In 2012, the sisters started selling their goods at the Gallatin Valley Farmers Market. For the first market, they “baked as many croissants and bread as we could in our little apartment. We baked thirty loaves of bread, twenty-four sticky buns, three dozen croissants,” Caroline said. “People loved our stuff,” Lauren added. Then the sisters had a realization: “We wanted to do something on our own,” said Lauren. For a year, they shopped around for their own place.

Lauren said, “This space was bigger than we wanted,” but she favored the location. Mezzo Matto Bakery had recently closed after four years when owners Stephanie and Ken Martinez returned home to Louisiana. With help from Prospera Business Network, building owner Putter Brown, friends Josh Gibson and Shannon Douglass of Blackbird Kitchen, and countless others, the sisters took on refashioning the 2,200-square-foot space to open in 2013.

They named the bakery Wild Crumb because, as Lauren said, “Wild Crumb means a couple of things. The ‘wild’ refers to the wild West. The ‘crumb’ refers to everything inside the crust. When you cut sourdough bread, there are wild crumbs.”

Appearing wild and worn, the bakery is housed in a corrugated metal and brick building with an open feel and a well-thought- out floor plan. Architect Ben Lloyd of Comma-Q Architecture, who designed the building in 2002 and helped renovate the entryway to Wild Crumb, said, “Wild Crumb is a neighborhood focus. It is an amazing gathering place, helping to reinforce community and neighborhood.”

Lauren told me, “People can come in every day to get a loaf of bread. While they are here, they see the same people.” “We bring people together in this small community, setting the scene with fresh foods,” Caroline added. As my husband and I stepped up to the thirty-foot-long counter, we were favorably overwhelmed. A glass front secured countless treats with handwritten descriptions.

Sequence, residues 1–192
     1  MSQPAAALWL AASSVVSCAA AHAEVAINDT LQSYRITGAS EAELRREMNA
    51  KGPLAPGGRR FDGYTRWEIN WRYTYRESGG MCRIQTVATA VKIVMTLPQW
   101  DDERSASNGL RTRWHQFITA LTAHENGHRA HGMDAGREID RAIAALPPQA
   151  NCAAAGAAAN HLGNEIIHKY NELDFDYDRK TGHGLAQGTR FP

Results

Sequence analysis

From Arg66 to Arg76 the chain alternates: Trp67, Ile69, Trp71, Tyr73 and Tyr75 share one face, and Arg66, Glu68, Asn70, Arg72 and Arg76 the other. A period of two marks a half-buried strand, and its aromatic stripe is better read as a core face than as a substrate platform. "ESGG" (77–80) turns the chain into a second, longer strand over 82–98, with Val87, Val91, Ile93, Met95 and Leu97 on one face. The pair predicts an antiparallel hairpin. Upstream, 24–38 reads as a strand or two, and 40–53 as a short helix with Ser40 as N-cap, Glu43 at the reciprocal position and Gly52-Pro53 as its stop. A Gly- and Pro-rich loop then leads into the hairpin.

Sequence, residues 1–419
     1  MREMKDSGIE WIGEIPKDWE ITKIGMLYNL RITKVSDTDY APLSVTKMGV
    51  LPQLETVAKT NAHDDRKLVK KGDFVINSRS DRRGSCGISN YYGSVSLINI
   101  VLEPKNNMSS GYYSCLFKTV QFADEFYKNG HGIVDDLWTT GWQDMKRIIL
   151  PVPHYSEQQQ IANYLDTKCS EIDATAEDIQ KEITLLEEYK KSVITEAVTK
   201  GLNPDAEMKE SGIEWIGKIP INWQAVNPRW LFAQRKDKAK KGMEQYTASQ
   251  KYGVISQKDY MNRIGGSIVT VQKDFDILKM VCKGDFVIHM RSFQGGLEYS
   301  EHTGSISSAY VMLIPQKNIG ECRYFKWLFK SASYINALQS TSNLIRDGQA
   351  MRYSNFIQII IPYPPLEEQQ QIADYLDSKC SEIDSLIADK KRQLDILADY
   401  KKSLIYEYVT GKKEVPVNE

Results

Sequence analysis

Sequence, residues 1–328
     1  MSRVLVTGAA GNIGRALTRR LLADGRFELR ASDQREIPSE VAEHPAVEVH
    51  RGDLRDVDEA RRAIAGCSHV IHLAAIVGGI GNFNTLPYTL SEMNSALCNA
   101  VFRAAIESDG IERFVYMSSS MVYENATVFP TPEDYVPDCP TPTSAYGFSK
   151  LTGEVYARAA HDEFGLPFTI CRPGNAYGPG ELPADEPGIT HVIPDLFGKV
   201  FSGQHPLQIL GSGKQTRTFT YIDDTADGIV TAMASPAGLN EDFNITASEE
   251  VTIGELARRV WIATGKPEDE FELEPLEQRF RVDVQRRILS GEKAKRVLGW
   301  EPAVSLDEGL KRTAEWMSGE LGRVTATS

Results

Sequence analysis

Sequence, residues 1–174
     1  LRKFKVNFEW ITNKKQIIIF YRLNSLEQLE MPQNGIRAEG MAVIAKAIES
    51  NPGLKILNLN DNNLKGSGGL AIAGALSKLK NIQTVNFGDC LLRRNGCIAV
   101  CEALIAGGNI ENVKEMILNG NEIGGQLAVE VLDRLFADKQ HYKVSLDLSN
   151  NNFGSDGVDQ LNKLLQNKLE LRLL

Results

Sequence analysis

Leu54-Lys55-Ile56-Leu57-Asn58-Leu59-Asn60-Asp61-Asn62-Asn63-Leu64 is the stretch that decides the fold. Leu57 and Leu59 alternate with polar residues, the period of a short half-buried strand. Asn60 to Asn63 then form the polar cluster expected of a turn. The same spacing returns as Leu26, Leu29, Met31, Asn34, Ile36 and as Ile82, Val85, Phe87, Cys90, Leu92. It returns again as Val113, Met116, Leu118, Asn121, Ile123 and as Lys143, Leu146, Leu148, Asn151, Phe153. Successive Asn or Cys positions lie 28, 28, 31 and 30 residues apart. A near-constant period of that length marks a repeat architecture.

Baguettes were propped into a black metal basket. A tray of “Portabello Sandwiches” were stacked two high. Croissant choices ranged from plain to almond to ham and gruyere. Three “Huckleberry Scones” rested on a plate as a single “Croissant Cinnamon Bun” waited to be purchased. An uncut Southern Coconut Cake reigned atop a pedestal.

Caroline Schweitzer bakes the breads at Wild Crumb

In the cold case, “Sea Buckthorn Tart with Strawberry Meringue” and “Vietnamese Coffee Mousse Cake” beckoned us. Above on the shelf, in a glass jar, we were taunted by “Chunky Almond Vanilla Bean Meringues.”

We chose the “Double Chocolate Orange Croissant” to share. Sitting at a table for two by the west-facing windows, we soaked up the jazzy, toe-tapping soul music played above. As I bit into the flaky chocolate croissant, I ignored the flakes that fell on my lap. I was purring from the burst of orange flavor.